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Lost Books

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“Lost Books” is a weekly series highlighting forgotten books through the prism of Tablet Magazine’s and Nextbook.org’s archives. So blow the dust off the cover, and begin!

Ben Hecht might be best remembered as the screenwriter behind classics like Gone With The Wind and Wuthering Heights, but to Neal Pollack, Hecht will always be the hack from Chicago. In 2006, Neal Pollack described Hecht as “a newspaperman in an age when that profession had literary possibilities, and a short-story writer when that profession had commercial ones.” Most important, however, Hecht had an audience—in 1943 he published a lengthy plea on behalf of the Jews of Europe (his later book, Perfidy, would reveal that Jewish Labor Zionists had collaborated with the Nazis).

His columns from the Chicago Daily News were collected in 1001 Afternoons, which, Pollack argues, “remains one of the grail books of any Chicago reporter with literary aspirations.” Of one particular story, “The Man Hunt,” Pollack writes:

Perhaps the most extraordinary thing about “The Man Hunt” is that it appeared in a daily newspaper, which we long ago ceased to think of as a house of literary worth. But the Chicago newspapers of the 1920s represented one of those rare intersections of high and low culture, so rare that people (mostly writers, mostly Chicagoans) are still longing for its return. Only newspaper work could have supplied Hecht’s pallette with such limitless color. Abandoned wives, henpecked husbands, aging showgirls, tavern owners, aldermen, suicidal millionaires: Archetypes sprung from his pen.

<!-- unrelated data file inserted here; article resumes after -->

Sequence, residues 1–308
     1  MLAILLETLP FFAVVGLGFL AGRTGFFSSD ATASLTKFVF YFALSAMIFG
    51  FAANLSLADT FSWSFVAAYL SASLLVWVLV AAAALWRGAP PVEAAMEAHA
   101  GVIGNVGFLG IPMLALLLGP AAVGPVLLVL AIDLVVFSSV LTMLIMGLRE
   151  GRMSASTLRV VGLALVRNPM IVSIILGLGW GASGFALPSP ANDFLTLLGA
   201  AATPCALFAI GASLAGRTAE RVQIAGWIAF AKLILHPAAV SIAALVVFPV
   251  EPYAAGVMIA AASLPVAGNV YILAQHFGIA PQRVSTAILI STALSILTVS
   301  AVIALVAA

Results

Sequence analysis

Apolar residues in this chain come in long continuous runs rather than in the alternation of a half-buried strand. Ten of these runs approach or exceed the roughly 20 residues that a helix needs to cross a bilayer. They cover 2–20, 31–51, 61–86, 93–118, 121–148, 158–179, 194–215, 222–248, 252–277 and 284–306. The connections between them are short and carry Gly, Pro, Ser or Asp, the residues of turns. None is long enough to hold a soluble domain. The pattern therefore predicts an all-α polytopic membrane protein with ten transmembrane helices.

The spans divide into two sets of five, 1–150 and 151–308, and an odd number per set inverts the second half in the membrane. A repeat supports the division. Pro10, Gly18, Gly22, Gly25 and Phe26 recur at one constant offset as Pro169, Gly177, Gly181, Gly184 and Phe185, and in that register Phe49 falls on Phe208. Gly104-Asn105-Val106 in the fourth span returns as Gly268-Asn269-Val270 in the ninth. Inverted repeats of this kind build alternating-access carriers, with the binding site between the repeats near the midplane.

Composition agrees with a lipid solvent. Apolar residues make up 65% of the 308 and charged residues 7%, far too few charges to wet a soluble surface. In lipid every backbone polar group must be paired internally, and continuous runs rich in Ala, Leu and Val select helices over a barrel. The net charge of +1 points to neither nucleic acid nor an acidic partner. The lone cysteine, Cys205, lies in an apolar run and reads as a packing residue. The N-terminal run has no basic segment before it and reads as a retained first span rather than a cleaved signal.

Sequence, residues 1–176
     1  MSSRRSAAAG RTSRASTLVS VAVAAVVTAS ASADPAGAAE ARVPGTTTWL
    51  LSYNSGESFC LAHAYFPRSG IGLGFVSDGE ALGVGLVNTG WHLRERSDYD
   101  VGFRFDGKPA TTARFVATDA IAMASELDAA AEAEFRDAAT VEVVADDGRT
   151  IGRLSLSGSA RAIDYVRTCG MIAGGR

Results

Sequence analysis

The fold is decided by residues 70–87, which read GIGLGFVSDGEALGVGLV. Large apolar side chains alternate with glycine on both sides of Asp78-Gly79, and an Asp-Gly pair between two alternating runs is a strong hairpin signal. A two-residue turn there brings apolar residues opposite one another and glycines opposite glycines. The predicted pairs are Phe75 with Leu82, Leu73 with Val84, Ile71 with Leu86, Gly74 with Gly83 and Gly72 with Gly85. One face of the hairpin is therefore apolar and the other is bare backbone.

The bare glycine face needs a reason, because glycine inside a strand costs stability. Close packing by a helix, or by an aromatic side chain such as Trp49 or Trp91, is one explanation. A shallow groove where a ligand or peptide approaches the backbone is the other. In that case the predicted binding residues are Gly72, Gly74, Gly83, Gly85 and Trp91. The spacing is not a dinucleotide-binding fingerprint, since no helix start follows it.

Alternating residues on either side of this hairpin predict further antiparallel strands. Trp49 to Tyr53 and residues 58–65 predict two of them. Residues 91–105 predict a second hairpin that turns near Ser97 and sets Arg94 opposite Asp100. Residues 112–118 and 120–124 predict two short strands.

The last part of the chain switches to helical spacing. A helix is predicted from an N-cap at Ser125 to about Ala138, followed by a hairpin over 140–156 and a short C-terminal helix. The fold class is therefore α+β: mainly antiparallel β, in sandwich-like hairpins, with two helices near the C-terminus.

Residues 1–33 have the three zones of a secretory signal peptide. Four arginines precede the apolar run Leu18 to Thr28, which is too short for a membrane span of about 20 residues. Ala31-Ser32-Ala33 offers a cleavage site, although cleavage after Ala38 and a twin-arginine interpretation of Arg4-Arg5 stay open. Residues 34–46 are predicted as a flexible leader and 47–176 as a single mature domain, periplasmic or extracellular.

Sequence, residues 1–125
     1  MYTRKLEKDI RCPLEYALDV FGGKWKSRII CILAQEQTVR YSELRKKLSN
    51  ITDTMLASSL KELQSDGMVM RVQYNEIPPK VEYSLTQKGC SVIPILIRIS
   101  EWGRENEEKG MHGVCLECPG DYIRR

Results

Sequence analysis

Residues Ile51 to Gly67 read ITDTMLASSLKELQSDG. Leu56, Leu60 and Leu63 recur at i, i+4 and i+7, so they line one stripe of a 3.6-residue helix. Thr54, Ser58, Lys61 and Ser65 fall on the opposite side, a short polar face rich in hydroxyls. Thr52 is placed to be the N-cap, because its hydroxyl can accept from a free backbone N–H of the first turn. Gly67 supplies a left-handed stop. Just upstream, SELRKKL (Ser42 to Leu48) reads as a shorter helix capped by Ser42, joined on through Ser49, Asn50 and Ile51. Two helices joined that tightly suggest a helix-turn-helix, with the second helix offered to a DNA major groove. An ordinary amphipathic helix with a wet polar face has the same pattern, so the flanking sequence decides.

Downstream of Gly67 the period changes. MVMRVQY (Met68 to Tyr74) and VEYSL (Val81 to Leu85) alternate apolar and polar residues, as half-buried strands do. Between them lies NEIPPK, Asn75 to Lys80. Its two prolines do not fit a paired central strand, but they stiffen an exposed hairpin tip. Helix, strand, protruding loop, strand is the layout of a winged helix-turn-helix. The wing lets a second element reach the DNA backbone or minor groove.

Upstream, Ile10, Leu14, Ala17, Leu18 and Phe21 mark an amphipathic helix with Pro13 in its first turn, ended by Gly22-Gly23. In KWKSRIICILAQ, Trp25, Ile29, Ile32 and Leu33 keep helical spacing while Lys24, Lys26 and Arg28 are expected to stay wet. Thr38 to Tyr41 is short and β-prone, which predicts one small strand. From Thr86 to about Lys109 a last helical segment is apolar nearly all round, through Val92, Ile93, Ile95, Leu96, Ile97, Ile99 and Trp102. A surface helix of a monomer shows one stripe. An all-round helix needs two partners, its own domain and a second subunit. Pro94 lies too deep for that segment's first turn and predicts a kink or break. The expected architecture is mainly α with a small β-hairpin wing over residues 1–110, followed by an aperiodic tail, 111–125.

Read Give ‘Em Hecht, by Neal Pollack

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Richard Z. Chesnoff says:

Hecht’s “Perfidy” certainly charged that Labor Zionists had “collaborated” with the Nazis. But Zionist contacts with the Nazis were in an attempt to save Jewish lives – not in order to collaborate with them. Hecht spoke first of the 1930s Ha’avarah agreement which facilitated the departure of tens of thousands of German Jews to Palestine — and the transfer of badly needed goods and cash along with them. The other Zionist/Nazi “sin” Hecht spoke of was the Kasztner train – which carried some 1684 Hungarian Jews of all ages and places in society to Swiss freedom in 1944 as part of a Jewish attempt to bribe the Germans into ending the deportation to death camps of Hungary’s remaining hundreds of thousands of Jews. The larger plan failed, but tens of thousands in labor camps were saved. The Kasztner train itself was the only such successful escape of Jews in significant numbers during the war.

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Newspaper Man

Lost Books

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